The headline itself would make many say that I am crazy. Or that it’s an oxymoron at best. But believe me when I tell you that I have seen things and experienced emotions that immediately bring your faith back and make you say yes, we Karachiites are human and not entirely Neanderthals from the Stone Age.
One of the few things that I hold in awe on the streets of Karachi is the traffic police — the men in white. Now wait a minute. We all know the reputation they enjoy: not really interested in regulating traffic but more interested in making a fast buck! But there’s a more human side to them as well. Managing traffic at busy intersections, ensuring that the flow continues, and that too whilst standing in the middle of a road where inconsiderate motorists don’t take their hands off the horn is no easy job.
Then there’s the vehicle exhaust and the inconsolable abuse that is vented in their direction.
Yet we see them in weather hot and humid, cold and rainy, making sure that things keep smooth and running. Even when there is a political rally in progress, these are the guys who keep the alternative routes open and free. But the best that we see of these traffic police officers is during the month of Ramazan. Take, for example, the busy intersections of Shaheen Complex and PIDC.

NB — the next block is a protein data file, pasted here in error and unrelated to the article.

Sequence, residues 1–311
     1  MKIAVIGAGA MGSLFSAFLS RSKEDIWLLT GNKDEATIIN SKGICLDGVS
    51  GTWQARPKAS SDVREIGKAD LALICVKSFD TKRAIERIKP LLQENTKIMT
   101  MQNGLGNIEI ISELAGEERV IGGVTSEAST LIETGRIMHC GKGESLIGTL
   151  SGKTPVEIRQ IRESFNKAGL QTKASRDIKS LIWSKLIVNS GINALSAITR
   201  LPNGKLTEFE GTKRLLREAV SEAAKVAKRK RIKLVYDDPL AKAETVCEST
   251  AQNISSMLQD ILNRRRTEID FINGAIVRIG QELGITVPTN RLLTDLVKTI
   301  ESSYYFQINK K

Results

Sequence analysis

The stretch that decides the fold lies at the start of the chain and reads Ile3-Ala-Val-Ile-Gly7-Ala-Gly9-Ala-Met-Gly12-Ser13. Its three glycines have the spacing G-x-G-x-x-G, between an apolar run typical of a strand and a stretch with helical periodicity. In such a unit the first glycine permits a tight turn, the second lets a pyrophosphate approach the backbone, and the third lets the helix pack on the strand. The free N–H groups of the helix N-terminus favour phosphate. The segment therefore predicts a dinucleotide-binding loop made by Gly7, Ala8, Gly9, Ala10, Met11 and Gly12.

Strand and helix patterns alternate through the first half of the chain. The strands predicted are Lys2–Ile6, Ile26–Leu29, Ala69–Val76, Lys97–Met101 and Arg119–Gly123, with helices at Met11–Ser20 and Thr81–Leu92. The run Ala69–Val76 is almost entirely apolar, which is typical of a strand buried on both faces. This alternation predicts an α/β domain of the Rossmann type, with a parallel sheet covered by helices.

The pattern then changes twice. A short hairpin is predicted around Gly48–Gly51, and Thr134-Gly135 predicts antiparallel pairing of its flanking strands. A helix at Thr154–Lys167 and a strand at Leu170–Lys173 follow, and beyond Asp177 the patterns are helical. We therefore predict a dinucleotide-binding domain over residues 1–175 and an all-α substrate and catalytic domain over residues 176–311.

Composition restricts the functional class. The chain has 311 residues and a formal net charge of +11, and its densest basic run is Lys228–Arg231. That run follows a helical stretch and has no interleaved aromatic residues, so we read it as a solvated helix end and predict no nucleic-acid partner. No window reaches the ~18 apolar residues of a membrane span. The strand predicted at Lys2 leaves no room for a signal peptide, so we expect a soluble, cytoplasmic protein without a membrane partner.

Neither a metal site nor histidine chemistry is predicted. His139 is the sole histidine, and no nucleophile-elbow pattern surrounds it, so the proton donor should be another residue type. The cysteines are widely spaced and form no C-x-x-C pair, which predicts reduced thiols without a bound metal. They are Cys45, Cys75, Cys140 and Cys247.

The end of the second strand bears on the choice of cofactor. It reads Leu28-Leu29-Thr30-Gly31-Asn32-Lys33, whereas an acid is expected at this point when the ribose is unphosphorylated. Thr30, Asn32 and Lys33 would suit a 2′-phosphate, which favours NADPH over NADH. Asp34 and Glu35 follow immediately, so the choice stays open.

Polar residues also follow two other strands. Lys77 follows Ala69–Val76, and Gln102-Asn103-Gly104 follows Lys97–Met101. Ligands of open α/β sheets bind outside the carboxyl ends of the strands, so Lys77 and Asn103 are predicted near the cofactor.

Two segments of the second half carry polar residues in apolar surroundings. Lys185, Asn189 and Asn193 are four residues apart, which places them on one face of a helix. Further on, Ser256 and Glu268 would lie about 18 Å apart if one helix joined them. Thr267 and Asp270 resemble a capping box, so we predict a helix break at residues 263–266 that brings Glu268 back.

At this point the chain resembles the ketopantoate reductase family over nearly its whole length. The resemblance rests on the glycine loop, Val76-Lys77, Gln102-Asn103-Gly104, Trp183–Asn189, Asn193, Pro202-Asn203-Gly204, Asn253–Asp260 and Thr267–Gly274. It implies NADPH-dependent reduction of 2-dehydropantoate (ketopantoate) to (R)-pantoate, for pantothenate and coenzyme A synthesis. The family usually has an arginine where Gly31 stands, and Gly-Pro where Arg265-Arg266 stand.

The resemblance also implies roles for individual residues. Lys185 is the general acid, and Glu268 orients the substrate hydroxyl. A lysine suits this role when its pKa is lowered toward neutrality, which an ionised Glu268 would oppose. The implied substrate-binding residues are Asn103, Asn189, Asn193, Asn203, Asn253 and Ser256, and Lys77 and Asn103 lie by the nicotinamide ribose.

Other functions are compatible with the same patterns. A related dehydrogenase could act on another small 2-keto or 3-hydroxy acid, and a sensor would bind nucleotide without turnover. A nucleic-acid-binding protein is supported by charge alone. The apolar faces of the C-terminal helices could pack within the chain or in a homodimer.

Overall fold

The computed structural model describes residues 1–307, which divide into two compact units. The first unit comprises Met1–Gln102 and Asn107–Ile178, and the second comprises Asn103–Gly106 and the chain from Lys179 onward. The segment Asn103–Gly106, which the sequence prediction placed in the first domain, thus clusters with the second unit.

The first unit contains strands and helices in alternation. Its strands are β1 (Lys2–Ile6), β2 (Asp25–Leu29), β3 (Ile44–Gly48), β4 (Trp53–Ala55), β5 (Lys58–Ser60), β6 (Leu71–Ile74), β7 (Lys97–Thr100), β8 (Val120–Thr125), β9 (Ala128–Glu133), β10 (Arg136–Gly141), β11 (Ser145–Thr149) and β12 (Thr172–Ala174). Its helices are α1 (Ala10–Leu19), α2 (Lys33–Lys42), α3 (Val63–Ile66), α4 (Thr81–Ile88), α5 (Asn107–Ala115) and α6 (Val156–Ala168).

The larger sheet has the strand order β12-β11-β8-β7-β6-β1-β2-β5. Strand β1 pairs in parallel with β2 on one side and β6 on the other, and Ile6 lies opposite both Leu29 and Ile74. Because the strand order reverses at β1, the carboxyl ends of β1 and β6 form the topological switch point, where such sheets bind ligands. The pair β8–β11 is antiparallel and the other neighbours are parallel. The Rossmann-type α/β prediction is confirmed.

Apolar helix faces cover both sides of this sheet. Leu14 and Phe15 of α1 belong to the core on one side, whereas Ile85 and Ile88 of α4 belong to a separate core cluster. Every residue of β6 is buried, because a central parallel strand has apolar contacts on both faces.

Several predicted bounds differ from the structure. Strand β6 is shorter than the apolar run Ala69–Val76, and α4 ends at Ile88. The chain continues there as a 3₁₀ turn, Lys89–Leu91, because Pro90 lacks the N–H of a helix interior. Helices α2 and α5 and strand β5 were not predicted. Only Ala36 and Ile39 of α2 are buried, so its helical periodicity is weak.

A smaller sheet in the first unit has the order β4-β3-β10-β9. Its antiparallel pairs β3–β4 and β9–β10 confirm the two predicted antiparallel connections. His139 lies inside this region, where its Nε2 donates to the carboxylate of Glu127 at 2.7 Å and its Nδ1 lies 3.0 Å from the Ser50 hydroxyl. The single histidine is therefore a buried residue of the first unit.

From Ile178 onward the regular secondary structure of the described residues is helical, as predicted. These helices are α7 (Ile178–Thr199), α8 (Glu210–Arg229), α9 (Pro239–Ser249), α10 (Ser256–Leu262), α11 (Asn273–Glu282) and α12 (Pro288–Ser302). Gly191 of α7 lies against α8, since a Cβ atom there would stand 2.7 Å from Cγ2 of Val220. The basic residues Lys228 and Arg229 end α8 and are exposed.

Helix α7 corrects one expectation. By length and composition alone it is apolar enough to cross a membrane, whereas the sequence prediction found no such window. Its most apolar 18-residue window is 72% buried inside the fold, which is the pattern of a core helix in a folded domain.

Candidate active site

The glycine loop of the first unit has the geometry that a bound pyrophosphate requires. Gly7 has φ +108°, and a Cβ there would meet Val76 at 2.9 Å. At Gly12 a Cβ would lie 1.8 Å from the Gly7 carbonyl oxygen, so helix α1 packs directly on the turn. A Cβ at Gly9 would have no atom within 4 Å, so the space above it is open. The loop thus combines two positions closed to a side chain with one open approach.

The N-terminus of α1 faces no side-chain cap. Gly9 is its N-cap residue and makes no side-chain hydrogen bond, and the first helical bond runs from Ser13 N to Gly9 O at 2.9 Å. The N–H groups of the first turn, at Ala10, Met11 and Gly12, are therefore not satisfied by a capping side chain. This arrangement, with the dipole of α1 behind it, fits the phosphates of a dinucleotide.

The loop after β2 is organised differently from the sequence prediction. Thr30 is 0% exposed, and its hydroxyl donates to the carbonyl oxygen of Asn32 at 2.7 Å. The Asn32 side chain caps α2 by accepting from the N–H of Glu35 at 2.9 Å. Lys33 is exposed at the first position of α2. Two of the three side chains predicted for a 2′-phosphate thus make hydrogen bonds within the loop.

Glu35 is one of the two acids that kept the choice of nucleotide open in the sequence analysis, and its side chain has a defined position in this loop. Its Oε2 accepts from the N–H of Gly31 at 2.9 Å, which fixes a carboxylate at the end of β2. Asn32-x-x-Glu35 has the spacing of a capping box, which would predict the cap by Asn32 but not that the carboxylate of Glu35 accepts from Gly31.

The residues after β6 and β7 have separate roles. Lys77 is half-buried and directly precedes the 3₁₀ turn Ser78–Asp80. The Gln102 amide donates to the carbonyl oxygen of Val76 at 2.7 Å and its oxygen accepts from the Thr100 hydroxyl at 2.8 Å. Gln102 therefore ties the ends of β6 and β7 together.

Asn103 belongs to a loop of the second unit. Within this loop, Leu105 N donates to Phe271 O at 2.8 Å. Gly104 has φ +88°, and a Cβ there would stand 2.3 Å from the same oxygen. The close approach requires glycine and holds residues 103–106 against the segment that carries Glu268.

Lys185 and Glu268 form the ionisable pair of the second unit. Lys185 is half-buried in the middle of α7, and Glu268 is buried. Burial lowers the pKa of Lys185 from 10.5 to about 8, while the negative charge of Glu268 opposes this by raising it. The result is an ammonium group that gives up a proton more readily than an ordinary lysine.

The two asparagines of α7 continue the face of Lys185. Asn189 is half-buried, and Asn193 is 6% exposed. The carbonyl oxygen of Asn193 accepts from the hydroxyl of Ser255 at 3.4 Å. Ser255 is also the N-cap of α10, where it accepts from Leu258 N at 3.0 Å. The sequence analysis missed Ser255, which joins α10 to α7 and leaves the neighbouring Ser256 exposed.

The traffic flow in the hours leading up to iftar is such that most people appear to have gone berserk. However, some semblance of order is maintained only due to the efforts of the traffic police. Otherwise, we know where there aren’t any traffic constables, most of us start looking for a short cut. In the absence of any voluntary civic order on our streets, it is the men in white who help a mother and her children, the elderly and schoolchildren cross the roads. However, at times more considerate drivers do stop their cars to allow the waiting pedestrians to cross.
Of course manners are something that we aren’t famous for. Giving way to someone else is definitely looked down upon. But every once in a while, someone comes and does show a bit of patience. And it’s even more astounding if the car has a government number plate.
Whilst crossing an intersection at the Sea View road, I noticed a government car approach from the opposite direction. I stopped, expecting the gentleman to speed off, without giving a hoot for the people on the road. But shockingly, the ‘GP’ number plate sedan stopped and dipped its headlights in a signal to me that I could pass before him. A jaw-dropping experience indeed.
Karachi is a diverse city and people tend to live in their own hamlets. On the roads, though people usually display their worst behaviour, sometimes motorists can astound by resorting to unexpected civility. It’s all something that makes one smile and thank God that yes, some humanity still exists in us.—Atifuddin Khan